Wednesday, 18 May 2011

Israel Matzav: What would Abu Bluff do for peace?

What would Abu Bluff do for peace?

In an article that bears the obtuse title (yes, I know, op-ed writers don't always get to title the article) What would Netanyahu do for peace? David Makovsky urges Prime Minister Netanyahu to show up with a vision for renewed talks when he comes to Washington later this week.

Israel’s reaction to the Hamas-Fatah pact has been to hunker down, hoping that the unity government will collapse under the weight of the parties’ differences. Yet paralysis carries its own risks. The U.S. partners in “the Quartet” — the European Union, Russia and the United Nations, which joined Washington in 2006 to lay out steps by which Hamas must reform should it want to become a legitimate interlocutor in the peace process — have cautiously welcomed the new government with hopes, as opposed to demands, that Hamas will evolve, though some have championed the fact that cabinet ministers in the new body are affiliated with neither Hamas nor Fatah. A majority of countries is likely to recognize a Palestinian state at the U.N. General Assembly this September.

This should be of serious concern to Netanyahu, who needs to overcome suspicions about his desire for a breakthrough. Rather than slide to September, Netanyahu should take the opportunity of his May 24 address to a joint session of Congress to lay out a compelling political vision toward renewed peace talks. He could state that if — and only if — Abbas cuts ties with Hamas, Israeli and Palestinian leaders could cross historic thresholds meaningful to both sides.

Polls show that the majority of Israelis and Palestinians want a two-state solution but remain uncertain of whether the other side is willing to make the necessary concessions. Both Netanyahu and Abbas need to address the other side’s gut fears. And the only chance of one side crossing a threshold is if the other side takes a comparable step.

In theory, the United States should have engineered and synchronized this crossing of thresholds. It has, however, been preoccupied with the Arab Spring and has not focused on this issue, perhaps precipitating former senator George Mitchell’s departure as envoy. The new Palestinian configuration further hamstrings our position. A speech by President Obama this Thursday, focusing on the Mideast writ large, with a possible mention of U.S. principles to end the conflict, is far less preferable than substantive leadership by Netanyahu and Abbas; it would be perceived in the region as exhortation without follow-through.

So it is up to both parties to act. Netanyahu should spell out to Congress the major threshold he will cross, but only if Abbas is willing to respond publicly in kind. Since Palestinians’ major fear is that Israel will hold on to the West Bank, Netanyahu needs to clearly state that this will not be the case. Although Palestinians realize that Israel will not return to the pre-1967 borders and that enforced security arrangements are vital for any agreement, they want assurance that the 1967 line will be the baseline for calculations in configuring the final border. Thus, whatever land Israel keeps from within the West Bank — which is likely to be adjacent to the old pre-1967 boundary, where a significant majority of the settlers live — will yield an equivalent amount from within Israel proper. Such a deal is in line with Israeli offers to every other Arab state on its borders; a statement to this effect will go far in assuring Palestinians that Netanyahu is serious about peace.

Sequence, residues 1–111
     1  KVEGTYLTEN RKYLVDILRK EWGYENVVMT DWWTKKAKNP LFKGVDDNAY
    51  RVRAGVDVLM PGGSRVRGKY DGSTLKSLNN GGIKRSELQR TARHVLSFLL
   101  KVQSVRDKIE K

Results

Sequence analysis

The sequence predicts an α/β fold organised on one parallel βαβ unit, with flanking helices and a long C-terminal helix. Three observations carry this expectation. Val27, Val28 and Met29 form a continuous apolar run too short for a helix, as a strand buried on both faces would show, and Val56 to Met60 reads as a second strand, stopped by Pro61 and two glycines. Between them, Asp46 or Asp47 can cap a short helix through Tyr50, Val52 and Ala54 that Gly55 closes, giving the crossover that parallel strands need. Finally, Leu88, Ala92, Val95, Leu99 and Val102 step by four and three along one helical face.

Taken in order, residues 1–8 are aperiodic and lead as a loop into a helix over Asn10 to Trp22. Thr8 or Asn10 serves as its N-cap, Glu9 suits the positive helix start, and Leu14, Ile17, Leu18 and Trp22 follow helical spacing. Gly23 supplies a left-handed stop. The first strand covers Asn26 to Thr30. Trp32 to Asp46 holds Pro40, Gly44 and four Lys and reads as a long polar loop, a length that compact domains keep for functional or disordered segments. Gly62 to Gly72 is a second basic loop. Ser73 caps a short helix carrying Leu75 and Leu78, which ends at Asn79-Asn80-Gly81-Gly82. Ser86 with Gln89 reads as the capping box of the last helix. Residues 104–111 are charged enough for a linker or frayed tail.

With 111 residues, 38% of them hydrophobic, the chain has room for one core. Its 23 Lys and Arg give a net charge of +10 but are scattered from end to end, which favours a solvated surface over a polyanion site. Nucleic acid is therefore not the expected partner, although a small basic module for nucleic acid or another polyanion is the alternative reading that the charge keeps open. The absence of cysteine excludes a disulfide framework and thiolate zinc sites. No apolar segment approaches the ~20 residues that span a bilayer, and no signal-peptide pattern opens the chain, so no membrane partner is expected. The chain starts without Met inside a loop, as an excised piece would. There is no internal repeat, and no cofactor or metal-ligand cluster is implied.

Netanyahu set out a detailed vision of peace in his Bar Ilan speech in June 2009. We have never heard a vision of peace - detailed or otherwise - from Abu Mazen or any other 'Palestinian' leader.

Netanyahu has repeatedly called for negotiations without preconditions and that's how civilized people sit down to talk. There is no rhyme or reason for Israel to give assurances about the outcome of negotiations by making concessions before coming to the table, particularly when the 'Palestinians' have never given any such assurances. There is certainly no reason Israel should commit in advance to turn over the entire 'West Bank' or to give equivalent land to anything it retains from 'Israel proper.' The fact that Israel made the mistake of turning over every last grain of Sinai to Egypt and gave some land along the Dead Sea to Jordan does not mean that it is required to follow the same model in every peace agreement. The areas demanded by the 'Palestinians' are far more sensitive to Israel's security than the Sinai or the Dead Sea area.

The real question Makovsky ought to be asking is what Abu Mazen would do for peace. Sadly, the answer appears to be nothing, which may be why Makovsky doesn't even ask the question.

Oh, and George Mitchell quit because there have been no negotiations since September, and not because of anything that happened in the last week. I'm sure that decision was long in the making.

Israel Matzav: What would Abu Bluff do for peace?

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